The Malawi kwacha exchange rate to the United States dollar closed the year 2012 at an average price of K346, down from K167 on December 312, 2011, The Daily Times has established.
On the black market, the US dollar was trading at rates as high as K360 by December 31 as demand for foreign currency continue to soar in the country while exports are out of season.
The K346 US dollar exchange rate by December 31, 2012 means that within eight months from May 2012, the local unit has depreciated by 107 percent.
Meanwhile, Financial Market Dealers Association (Fimda) President Alfred Nhlema believes the kwacha exchange rate is yet to reach its real price as demand for forex still outweighs supply.
Nhlema said the continued pressure on the exchange rate over the past months has mainly been caused by huge importation bills of strategic commodities like agricultural inputs and fuel.
He said this occurrence does not come as a surprise, especially at this period when the economy is in a lean forex supply period.
Nhlema said, however, supply of forex improved considerably over the past seven months due to improved donor inflows, good tobacco prices and the near convergence between the official exchange rate and the black market exchange rate.
“These made it possible for most forex suppliers to channel their hard earned resources through the official banking sector,” said Nhlema.
He observed that the policy reforms adopted by government in May 2012, specifically the free float exchange rate regime, has allowed the exchange rate to adjust to market determined levels through the price discovery mechanism dictated by the natural law of demand and supply.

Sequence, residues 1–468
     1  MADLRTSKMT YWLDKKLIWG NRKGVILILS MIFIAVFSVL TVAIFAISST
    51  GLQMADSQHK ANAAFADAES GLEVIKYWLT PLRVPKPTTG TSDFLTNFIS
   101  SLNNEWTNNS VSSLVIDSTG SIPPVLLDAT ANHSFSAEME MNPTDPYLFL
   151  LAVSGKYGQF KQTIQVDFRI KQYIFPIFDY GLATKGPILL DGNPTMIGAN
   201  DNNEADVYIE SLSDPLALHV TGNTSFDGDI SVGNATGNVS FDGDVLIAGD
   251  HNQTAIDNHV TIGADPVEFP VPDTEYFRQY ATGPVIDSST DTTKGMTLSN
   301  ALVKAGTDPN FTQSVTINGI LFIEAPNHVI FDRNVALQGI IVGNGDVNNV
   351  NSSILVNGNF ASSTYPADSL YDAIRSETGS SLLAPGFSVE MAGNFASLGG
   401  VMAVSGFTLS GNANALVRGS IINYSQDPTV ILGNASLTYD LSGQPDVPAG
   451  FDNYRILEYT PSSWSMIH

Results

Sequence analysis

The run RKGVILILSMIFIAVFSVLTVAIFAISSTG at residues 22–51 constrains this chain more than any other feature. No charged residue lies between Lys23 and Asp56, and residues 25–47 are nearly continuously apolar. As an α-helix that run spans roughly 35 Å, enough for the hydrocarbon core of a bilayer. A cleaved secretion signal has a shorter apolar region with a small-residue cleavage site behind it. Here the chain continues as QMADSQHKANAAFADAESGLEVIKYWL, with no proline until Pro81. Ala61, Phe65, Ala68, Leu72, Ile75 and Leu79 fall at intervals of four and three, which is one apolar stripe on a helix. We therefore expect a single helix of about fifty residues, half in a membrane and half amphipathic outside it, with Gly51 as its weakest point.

The reforms, said Nhlema, will provide a strong foundation upon which the economy will pick up from.
“It is the market’s expectation that things will get worse before they get better as the current depreciation of the kwacha entails that imports are more expensive and, on the assumption that the volume of imports and exports change, immediately, the economy will continue to register a trade balance deficit,” he said.
He observed that several government export driven initiatives such as the recently launched National
Export Strategy and the establishment of the Export Development Fund could boost the volume of exports and consequently export proceeds in the medium term to long term.
Officials believe the commencement of the tobacco selling season in March 2013 will reduce pressure on the exchange rate in the short term.
Reserve Bank of Malawi Governor Charles Chuka told reporters in Blantyre in October that the continued depreciation of the Malawi kwacha would eventually reach its limits arguing there would come a time when the price of foreign currency will hit the ceiling, beyond which nobody would afford to buy it.
“I know some people are predicting that the kwacha will fall to as much as K400 or K500 to the US [United States] dollar. But look, who can afford to buy US dollars at that price? I would say nobody. Not even companies. So even the forex trader would have to limit the price adjustment or else, they would have nobody to buy their forex,” said Chuka.